As salty breezes blow in from the ocean and Jamaica Bay, they intermingle with the scents of authentic Thai cuisine on the outdoor deck at Thai Rock. Specialties include the Poh Taek, a hot-and-sour hot pot filled with a combination of shrimp, mussels, squid, and whitefish. Chefs also stir-fry rice noodles with egg and dark, sweet soy sauce to create pad see-ew, available with a choice of meat or vegetable such as chicken, certified Angus beef, pork, duck, or tofu.
As far as party spots go, Thai Rock lives up to its name. Live music rocks the indoor dining room year round, while tunes echo onto the outdoor deck and bar during warmer months. The deck, with its panoramic view of?and direct access to?Jamaica Bay, is definitely a highlight of Thai Rock, allowing for warm-weather fun including pre-dinner jet skiing thanks to Rockaway Jet Ski at Thai Rock. And, for the ultimate bourbon experience, Thai Rock offers a Pappy Van Winkle Dinner Party complete with your own bottle of this rare and highly sought after bourbon.
“Some New York restaurants hide behind unmarked entrances and velvet ropes. Laut hides behind its menu: a pan-Asian thicket of sushi, Thai soups and Chinese noodles,” said Julia Moskin of the New York Times. While the menu might be robust enough to provide shelter during hide-and-seek, the restaurant doesn't sacrifice quality for quantity, as the Asian fusion cuisine has garnered a Michelin star.
The food owes its authentic flavor to the owners, Malaysian natives Kathy Wong and Michael Bong, whose generations-old Malaysian recipes sing a culinary siren song to both city natives and tourists. The couple's kitchen staff only works with fresh ingredients, which go into the restaurant's signature sauces and flavor-infusions, including sweet chili sauce, tamarind dressing, and coconut rice. The eatery also houses a sushi bar, where the chefs do more rolling than an inner tube dropped from the top of Mount Everest. Its ample options and welcoming dining room make Laut “well worth a visit,” says Moskin.
The chefs at Breeze combine traditional Thai flavors with refined French techniques, crafting a menu that Dana Bowen from the New York Times called "a quilt of influences" in 2005. After settling in at the wooden tables that line Breeze's vibrantly orange wall, diners can indulge in succulent platefuls of duck, seafood, or tofu. Customers may dictate the intensity of their entrees' spiciness and order mild-tasting meals or dishes that are hot enough to smelt a handful of paper clips. In addition to the Thai culinary classics that fill the menu, Breeze also offers nontraditional items, including house-ground hamburgers and roasted-butternut-squash ravioli with a gingered carrot relish. Bar seating allows patrons to keep their whistles wet enough to carry on nonstop conversations with the eatery's several hanging televisions.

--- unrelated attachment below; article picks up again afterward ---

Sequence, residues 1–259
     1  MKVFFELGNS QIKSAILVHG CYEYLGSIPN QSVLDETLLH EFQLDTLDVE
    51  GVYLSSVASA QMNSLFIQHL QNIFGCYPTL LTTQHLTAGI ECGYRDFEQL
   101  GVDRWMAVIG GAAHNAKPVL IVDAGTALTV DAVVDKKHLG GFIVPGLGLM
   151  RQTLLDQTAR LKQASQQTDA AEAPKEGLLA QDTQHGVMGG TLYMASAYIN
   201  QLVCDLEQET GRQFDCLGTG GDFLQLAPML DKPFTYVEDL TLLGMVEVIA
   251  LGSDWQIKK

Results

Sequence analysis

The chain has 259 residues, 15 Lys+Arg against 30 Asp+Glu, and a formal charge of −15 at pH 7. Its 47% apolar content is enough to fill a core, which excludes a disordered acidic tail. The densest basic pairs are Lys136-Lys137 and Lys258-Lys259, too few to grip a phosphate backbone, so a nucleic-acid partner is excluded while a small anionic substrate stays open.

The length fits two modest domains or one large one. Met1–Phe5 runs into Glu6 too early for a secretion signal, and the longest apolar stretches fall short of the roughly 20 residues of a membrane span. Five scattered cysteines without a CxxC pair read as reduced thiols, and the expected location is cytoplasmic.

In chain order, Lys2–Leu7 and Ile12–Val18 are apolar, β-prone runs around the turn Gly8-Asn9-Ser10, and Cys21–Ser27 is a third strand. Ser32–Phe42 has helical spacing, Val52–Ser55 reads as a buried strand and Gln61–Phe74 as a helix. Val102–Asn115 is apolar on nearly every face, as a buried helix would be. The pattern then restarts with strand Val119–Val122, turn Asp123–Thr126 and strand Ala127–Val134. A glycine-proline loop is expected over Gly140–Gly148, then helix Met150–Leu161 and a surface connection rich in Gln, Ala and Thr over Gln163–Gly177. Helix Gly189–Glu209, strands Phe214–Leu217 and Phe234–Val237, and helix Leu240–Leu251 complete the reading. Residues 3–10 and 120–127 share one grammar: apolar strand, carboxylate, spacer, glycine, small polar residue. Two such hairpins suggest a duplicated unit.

Ceetay's elegantly plated meals of grilled seafood, garlicky fried rice, and tender noodles tossed with colorful veggies tastefully blend the culinary influences of Japan, China, Thailand, and the United States. Like Bruce Springsteen lyrics embroidered onto a wool sweater, the interior evokes a post-industrial mystique that's strangely charming and cozy, with warm light from mason-jar chandeliers bathing small tables surrounded by walls clad in Chinese newsprint.
Two small open kitchens allow patrons to watch chefs prepare meals of maple-kissed beef, soba-noodle stir-fry, or hazelnut cr?me br?l?e. Interesting ingredients such as sea urchin, crispy salmon skin, and wagyu beef infuse sushi rolls with rich flavors and textures, and frosty Japanese beers and European and American wines offer suitable complements no matter the diner's dinner selection.
For a quick curry, New York's Lime Leaf is a great lunch or dinner spot.
Low-fat foods are not on the menu at Lime Leaf, though, so plan to indulge a bit.
Take your pick of beer, wine, or other beverages offered on Lime Leaf's menu.
Load up the mini-van and bring the kids to Lime Leaf — they'll love the menu and scene here as much as mom and dad.
Find ample room to enjoy yourself at Lime Leaf — this spot caters to large groups.
Call ahead for reservations to ensure your table is waiting for you when you arrive.
Drift away from stuffy dress-code conventions and dine in comfort at Lime Leaf.
Catering services are also available.
Find a space on the street or park in the lot not far from the restaurant.
You'll typically spend about $30 per person to dine at Lime Leaf, so plan your budget accordingly.
For a quick curry, New York's Talent Thai Kitchen is a great lunch or dinner spot.
The menu doesn't include any low-fat items, so set aside some extra calories for your visit.
Whether it's just you and a date or you're bringing the whole gang, it's best to call ahead and make a reservation.
Talent Thai Kitchen tosses the jacket-and-tie dress code convention in favor of a more casual dining experience.
Call Talent Thai Kitchen for catering if you have a big event coming up.
Brush up on your parallel parking skills — the restaurant's E 34th St location offers nearby street parking.
A mid-priced establishment, Talent Thai Kitchen offers meals that typically cost about $30 or less.
Major credit cards — including Visa, Mastercard, Discover, and American Express — are accepted.